A wonderful review from ForeWord

Confessions has been reviewed on ForeWord.

Here is a short excerpt:

The beauty of Handler’s memoir is that it will appeal to young people and adults alike, particularly those who, like Joan, have grappled with their spiritual upbringing and what it means for the day-to-day conduct of their lives. Confessions of Joan the Tall is destined to join Betty Smith’s A Tree Grows in Brooklyn and Doris Kearns Goodwin’s Wait Till Next Year, coming-of-age tales that speak to the soul.

To read the full review, visit ForeWord

Speaking of Books talks about “Confessions”

She creates a window into the consciousness of her speaker, the girl Joan, that allows us to witness what her memory retains.  We can only guess at those experiences that have been left out.  This may be the distinction between memoir and autobiography.  And this is, for me, what makes memoir, as a genre, so fascinating.  We may or may not be given the factual truth, but we are allowed to observe the personal truth of our speaker as she grows up.

Read more at the Speaking of Books blog.

In the Wake of Newtown

I am so sorry….

For the past several weeks I’ve been celebrating the publication of Confessions and the positive response it’s received, but I have to call a halt for awhile.  In light of Friday’s tragedy, it would be blasphemous to continue to cheer.

I keep having flashbacks to 9/11 and Columbine, but this may be the worst that any of us have experienced. We can all at least intellectually understand the harsh reality that there are terrorists who would see us as Americans obliterated; likewise, we have all come to accept the fact that disenfranchised and/or mentally unstable individuals hear voices or carry anger that propels them to commit unspeakable acts against their perceived enemies. But the intentional slaughter of children! Six and seven year olds! How is such evil possible?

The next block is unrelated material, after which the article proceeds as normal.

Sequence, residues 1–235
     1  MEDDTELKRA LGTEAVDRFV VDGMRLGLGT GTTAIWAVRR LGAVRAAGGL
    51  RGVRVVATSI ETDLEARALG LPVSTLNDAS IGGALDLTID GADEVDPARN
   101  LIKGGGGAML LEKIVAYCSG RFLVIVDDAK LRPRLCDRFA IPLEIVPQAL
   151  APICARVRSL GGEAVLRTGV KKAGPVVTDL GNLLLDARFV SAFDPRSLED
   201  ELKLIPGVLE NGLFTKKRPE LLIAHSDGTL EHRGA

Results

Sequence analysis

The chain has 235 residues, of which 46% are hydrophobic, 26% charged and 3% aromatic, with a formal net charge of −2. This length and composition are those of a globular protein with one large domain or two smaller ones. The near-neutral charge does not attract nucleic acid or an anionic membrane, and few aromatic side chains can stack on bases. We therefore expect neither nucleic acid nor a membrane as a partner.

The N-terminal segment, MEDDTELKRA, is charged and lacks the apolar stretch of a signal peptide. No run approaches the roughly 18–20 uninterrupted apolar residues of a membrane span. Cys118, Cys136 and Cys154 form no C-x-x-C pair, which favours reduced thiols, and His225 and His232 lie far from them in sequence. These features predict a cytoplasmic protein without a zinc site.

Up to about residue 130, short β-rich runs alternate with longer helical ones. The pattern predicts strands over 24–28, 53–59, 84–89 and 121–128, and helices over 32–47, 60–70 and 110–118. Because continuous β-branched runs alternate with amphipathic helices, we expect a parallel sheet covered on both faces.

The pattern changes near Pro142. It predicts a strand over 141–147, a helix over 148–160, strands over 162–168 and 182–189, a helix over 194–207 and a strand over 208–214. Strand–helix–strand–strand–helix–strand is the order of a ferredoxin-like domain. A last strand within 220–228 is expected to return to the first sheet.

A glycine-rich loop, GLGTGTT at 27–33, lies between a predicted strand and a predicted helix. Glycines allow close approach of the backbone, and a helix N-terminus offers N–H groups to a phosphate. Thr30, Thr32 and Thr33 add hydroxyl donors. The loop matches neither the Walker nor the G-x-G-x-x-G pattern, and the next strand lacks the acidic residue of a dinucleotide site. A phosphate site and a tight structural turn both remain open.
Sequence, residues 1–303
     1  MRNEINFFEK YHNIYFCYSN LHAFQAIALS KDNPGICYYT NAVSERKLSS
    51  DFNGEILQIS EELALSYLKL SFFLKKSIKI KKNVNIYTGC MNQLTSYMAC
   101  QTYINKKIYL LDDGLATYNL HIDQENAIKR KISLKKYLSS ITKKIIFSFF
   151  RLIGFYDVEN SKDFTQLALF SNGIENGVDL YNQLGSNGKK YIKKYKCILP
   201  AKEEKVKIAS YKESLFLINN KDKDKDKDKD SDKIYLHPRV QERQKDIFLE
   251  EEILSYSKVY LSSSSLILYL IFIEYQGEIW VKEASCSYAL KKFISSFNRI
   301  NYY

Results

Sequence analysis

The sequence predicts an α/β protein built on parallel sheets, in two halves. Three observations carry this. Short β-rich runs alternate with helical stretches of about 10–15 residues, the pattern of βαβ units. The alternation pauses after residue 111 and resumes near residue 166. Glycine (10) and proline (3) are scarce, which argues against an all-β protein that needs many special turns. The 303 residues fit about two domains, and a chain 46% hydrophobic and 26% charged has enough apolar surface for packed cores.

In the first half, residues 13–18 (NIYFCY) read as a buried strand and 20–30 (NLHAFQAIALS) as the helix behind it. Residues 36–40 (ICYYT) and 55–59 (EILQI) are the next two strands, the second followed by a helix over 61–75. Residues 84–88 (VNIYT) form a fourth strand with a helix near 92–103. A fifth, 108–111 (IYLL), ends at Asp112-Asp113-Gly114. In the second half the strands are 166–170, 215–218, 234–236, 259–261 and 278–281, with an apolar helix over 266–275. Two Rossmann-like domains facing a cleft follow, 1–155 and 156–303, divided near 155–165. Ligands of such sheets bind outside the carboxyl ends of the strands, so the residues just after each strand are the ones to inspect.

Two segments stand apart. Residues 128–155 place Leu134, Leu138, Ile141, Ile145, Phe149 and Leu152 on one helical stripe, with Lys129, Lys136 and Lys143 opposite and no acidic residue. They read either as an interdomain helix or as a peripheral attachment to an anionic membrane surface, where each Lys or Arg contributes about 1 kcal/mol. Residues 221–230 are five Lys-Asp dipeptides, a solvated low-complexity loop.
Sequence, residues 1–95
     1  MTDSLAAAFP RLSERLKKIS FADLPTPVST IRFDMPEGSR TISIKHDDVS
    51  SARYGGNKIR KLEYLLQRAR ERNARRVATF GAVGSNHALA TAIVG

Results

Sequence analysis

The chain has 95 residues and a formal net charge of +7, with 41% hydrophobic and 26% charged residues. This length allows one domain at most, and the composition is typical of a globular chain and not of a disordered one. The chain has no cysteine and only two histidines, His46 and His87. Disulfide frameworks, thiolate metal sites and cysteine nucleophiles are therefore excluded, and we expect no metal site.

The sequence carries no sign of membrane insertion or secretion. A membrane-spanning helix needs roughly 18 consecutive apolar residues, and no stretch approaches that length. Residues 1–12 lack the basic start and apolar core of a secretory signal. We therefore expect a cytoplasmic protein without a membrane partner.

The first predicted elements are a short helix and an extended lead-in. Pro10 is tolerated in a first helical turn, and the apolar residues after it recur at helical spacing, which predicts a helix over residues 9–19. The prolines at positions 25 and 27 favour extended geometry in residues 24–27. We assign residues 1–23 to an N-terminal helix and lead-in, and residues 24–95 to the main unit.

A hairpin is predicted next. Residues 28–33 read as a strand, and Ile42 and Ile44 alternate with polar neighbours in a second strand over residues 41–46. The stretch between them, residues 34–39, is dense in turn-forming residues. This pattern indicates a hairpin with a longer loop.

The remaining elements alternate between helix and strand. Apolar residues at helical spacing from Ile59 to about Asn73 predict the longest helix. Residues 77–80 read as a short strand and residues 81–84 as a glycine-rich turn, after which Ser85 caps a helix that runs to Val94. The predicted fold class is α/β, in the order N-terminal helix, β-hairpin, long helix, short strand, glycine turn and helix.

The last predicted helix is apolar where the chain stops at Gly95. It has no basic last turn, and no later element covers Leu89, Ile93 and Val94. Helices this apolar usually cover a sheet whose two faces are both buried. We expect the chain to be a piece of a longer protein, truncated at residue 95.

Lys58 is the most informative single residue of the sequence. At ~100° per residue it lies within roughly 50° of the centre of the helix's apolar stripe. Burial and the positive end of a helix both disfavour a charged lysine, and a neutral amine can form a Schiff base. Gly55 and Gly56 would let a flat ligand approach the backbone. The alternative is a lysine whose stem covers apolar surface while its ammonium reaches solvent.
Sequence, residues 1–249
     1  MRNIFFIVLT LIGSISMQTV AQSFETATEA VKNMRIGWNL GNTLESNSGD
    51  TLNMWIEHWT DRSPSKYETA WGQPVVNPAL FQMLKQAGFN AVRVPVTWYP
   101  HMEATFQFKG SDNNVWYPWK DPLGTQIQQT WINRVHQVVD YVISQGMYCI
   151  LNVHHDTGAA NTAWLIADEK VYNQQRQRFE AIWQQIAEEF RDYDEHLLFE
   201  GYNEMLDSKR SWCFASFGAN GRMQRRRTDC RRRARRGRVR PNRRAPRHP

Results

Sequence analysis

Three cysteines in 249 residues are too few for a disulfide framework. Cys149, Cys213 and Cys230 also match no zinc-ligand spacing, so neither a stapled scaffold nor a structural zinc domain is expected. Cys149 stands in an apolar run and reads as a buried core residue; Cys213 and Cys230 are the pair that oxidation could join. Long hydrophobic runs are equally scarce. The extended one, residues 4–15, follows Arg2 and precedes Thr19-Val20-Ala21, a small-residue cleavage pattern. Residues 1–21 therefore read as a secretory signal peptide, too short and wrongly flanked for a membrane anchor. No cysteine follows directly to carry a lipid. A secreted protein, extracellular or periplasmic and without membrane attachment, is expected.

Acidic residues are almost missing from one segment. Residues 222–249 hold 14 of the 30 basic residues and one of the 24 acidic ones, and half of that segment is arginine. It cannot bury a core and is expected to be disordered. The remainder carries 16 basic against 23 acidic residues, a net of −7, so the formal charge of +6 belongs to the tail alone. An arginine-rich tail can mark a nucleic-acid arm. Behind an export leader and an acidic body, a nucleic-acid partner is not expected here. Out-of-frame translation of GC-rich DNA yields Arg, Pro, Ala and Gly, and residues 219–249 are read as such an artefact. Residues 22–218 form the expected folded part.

Like most people, I keep looking for clues that will explain this to me. What could have been the motivation, what crime could these little ones have committed to warrant such a punishment? As a psychologist, I spend a lot of time trying to make psychological sense of events and circumstances in our world—political or social. Despite the horror inflicted and the depth of the crime, I do understand how countries come to hate each other, how wars start, how individuals—often politicians–  psychologically are compelled to  precipitate—even accelerate their own demise.  Psychology explains a lot. But not this. Not yet. Perhaps never. How will we ever piece together the shattered mind of this young man who destroyed so many lives? Every drama has a protagonist who instigates action and an antagonist who works against it, but what role can we possibly assign to these children? It’s natural to look for logic at times like these but what logic could possibly exist?

I’m used to making sense of behavior by looking at an individual’s
biography. But who can supply that for us. The killer is dead; his mother is dead; his father seems devastated and at a loss to offer any information. Chances are we’re never going to know what precipitated this deadly assault. At dinner with friends last night, I wondered if perhaps the victims were stand-ins for the fortunate popular kids who perhaps tormented and rejected him when he attended that school or a similar one. Friday’s children were paying the price for their predecessors. That was the best that I could come up with. But not likely and not enough.